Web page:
Glacial progress of stim funds leaves opening for GOP

Rick Moran
You recall that Obama's argument for the immediate passage of the stimulus bill - so urgent that lawmakers shouldn't have the time to read it - was predicated on the idea that the money had to flow into the economy yesterday.

As we discovered later, a pitifully small amount of the $787 billion could be considered actual "stimulus" with the rest being pork or not related to getting the economy moving again.

It's even worse than that. It appears that only around $11 million of the gargantuan monies appropriated have been spent with some states not even submitting their road building requests to the Department of Transportation yet.

As Jennifer Rubin explains in a PJ Media article , this leaves an opening for the GOP to skewer the Democrats:

So, the bottom line: we have spent a trillion dollars (including interest) largely on nothing. We aren't getting jobs - at least none that we can verify. We aren't getting infrastructure. But we did get a mound of debt.

While lacking any significant economic punch, the stimulus may, however, have a substantial political impact. It was in large part the motivation for the tea party protests. It has allowed Republicans to differentiate themselves from the Obama spending plans. And it has heightened the concern of so-called Blue Dog Democrats who may now be nervous about running up even more debt which would be generated by the remainder of the Obama agenda.

The stimulus was a missed opportunity - a chance to finance needed defense spending, provide badly needed infrastructure, and provide tax assistance to employers to maintain and increase hiring. But Republicans may now see it as a juicy political opening. They can rightly claim they opposed the boondoggle spending, which has done nothing but increase our fiscal woes. And in that respect it may be a critical component in Republicans' political comeback. In sum, sometimes saying "no" is exactly the right thing to do.

Whether Republicans are organized enough or smart enough to take advantage is another question. Right now, the RNC is debating whether to make it official party policy to refer to the "Democrat Socialist Party" when talking about the Democrats. Name calling and finger pointing are no substitute for policy alternatives - something the GOP has, with a couple of notable exceptions, been lacking.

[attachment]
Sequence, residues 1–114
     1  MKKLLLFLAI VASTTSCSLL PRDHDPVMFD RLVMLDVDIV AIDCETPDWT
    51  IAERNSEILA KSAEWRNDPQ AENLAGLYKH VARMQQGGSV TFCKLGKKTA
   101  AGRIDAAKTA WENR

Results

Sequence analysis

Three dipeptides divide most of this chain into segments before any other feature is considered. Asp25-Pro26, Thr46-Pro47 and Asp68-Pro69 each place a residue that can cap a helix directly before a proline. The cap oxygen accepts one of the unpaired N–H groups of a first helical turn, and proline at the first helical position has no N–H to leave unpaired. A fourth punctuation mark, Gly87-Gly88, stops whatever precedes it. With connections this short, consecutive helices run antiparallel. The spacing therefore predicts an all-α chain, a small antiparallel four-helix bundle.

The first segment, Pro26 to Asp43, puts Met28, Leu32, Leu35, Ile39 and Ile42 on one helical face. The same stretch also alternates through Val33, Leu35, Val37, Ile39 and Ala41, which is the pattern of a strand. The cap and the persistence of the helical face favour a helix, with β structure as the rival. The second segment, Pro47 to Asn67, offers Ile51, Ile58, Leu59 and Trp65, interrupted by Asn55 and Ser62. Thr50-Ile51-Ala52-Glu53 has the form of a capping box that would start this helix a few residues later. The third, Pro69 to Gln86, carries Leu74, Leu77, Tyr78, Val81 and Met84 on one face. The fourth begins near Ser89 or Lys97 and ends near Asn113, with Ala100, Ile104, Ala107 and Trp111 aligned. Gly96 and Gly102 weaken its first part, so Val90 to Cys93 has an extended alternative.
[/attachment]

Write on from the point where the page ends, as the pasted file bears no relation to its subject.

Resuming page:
It's not enough to think that simply allowing the Democrats to screw things up will get the party back in power. It's time to start pointing out to the public that the Democrats huge spending isn't working and that the GOP's alternatives should be given a shot.

Now...if only the Republicans can come up with some serious, viable, and conservative alternatives to health insurance, cap and trade, education, and other Democratic initiatives, the rebound may begin.

Hat Tip: Ed Lasky



You recall that Obama's argument for the immediate passage of the stimulus bill - so urgent that lawmakers shouldn't have the time to read it - was predicated on the idea that the money had to flow into the economy yesterday.

As we discovered later, a pitifully small amount of the $787 billion could be considered actual "stimulus" with the rest being pork or not related to getting the economy moving again.

It's even worse than that. It appears that only around $11 million of the gargantuan monies appropriated have been spent with some states not even submitting their road building requests to the Department of Transportation yet.

As Jennifer Rubin explains in a PJ Media article , this leaves an opening for the GOP to skewer the Democrats:

So, the bottom line: we have spent a trillion dollars (including interest) largely on nothing. We aren't getting jobs - at least none that we can verify. We aren't getting infrastructure. But we did get a mound of debt.

While lacking any significant economic punch, the stimulus may, however, have a substantial political impact. It was in large part the motivation for the tea party protests. It has allowed Republicans to differentiate themselves from the Obama spending plans. And it has heightened the concern of so-called Blue Dog Democrats who may now be nervous about running up even more debt which would be generated by the remainder of the Obama agenda.

The stimulus was a missed opportunity - a chance to finance needed defense spending, provide badly needed infrastructure, and provide tax assistance to employers to maintain and increase hiring. But Republicans may now see it as a juicy political opening. They can rightly claim they opposed the boondoggle spending, which has done nothing but increase our fiscal woes. And in that respect it may be a critical component in Republicans' political comeback. In sum, sometimes saying "no" is exactly the right thing to do.

Whether Republicans are organized enough or smart enough to take advantage is another question. Right now, the RNC is debating whether to make it official party policy to refer to the "Democrat Socialist Party" when talking about the Democrats. Name calling and finger pointing are no substitute for policy alternatives - something the GOP has, with a couple of notable exceptions, been lacking.

It's not enough to think that simply allowing the Democrats to screw things up will get the party back in power. It's time to start pointing out to the public that the Democrats huge spending isn't working and that the GOP's alternatives should be given a shot.

Now...if only the Republicans can come up with some serious, viable, and conservative alternatives to health insurance, cap and trade, education, and other Democratic initiatives, the rebound may begin.

Hat Tip: Ed Lasky